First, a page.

Over the years, I've been hurt by this "design style". That's the sort of design created by developers that do not TDD.
Very recently I was working on one part of our legacy code and found a six level deep hierarchy of classes. There were quite a few template methods defined in more than one of the classes. All classes were abstract with the exception of the bottom classes, that just implemented one or two of the template methods. There were just a single public method in the entire hierarchy, right at the very top.
We had to make a change in one of the classes at the bottom. One of the (protected) template method implementations had to be changed.
How do you test it? Goes without saying that there were zero tests for the hierarchy.
We know that we should never test private or protected methods. A class should "always" be tested from its public interface. We should always write tests that express and test "what" the method does and not "how". That's all well and good. However, in this case, the change needs to be done in a protected method (template method implementation) that is part of the implementation of a public method defined in a class six level up in the hierarchy. To test this method, invoking the public method of its grand grand grand grand parent we will need to understand the entire hierarchy, mock all dependencies, create the appropriate data, configure the mocks to have a well defined behaviour so that we can get this piece of code invoked and then tested.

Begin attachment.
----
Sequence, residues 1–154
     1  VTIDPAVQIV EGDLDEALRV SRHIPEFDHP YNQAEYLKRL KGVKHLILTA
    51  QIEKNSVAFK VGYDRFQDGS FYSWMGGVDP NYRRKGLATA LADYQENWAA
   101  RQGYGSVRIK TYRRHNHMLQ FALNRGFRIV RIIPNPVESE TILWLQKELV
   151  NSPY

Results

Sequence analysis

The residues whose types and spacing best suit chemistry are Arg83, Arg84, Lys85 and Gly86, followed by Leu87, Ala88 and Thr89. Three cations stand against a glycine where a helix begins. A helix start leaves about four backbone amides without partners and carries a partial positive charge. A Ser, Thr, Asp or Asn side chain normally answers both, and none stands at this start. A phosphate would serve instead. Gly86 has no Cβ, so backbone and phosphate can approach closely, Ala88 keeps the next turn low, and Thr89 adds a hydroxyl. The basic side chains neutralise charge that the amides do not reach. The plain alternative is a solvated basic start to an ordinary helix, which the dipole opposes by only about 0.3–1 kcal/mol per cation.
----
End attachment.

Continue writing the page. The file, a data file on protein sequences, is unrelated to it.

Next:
Worse than that, imagine that this class at the bottom has siblings overriding the same template method. When the siblings need to be changed, the effort to write tests for them will be the same as it was for our original class. We will have loads of duplications and will also need to understand all the code inside all the classes in the hierarchy. The ice in the cake: There are hundreds of lines to be understood in all parent classes.
Breaking the rules
Testing via the public method defined at the very top of the hierarchy has proven not to be worth it. The main reason is that, besides painful, we already knew that the whole design was wrong. When we look at the classes in the hierarchy, they didn't even follow the IS-A rule of inheritance. They inherit from each other so some code could be re-used.
After some time I thought: Screw the rules and this design. I'm gonna just directly test the protected method and then start breaking the hierarchy.
The approach: Extract, Inject, Kill
The overall idea is:
1. Extract all the behaviour from the template method into a class.
2. Inject the new class into the parent class (where the template is defined), replacing the template method invocation with the invocation of the method in the new class.
3. Kill the child class (the one that had the template method implementation).
Repeat these steps until you get rid of the entire hierarchy.
This was done writing the tests first, making the protected template method implementation public.
1. This may not be so simple if we have methods calling up the stack in the hierarchy.
2. If the class has siblings, we have to extract all the behaviour from the siblings before we can inject into the parent and kill the siblings.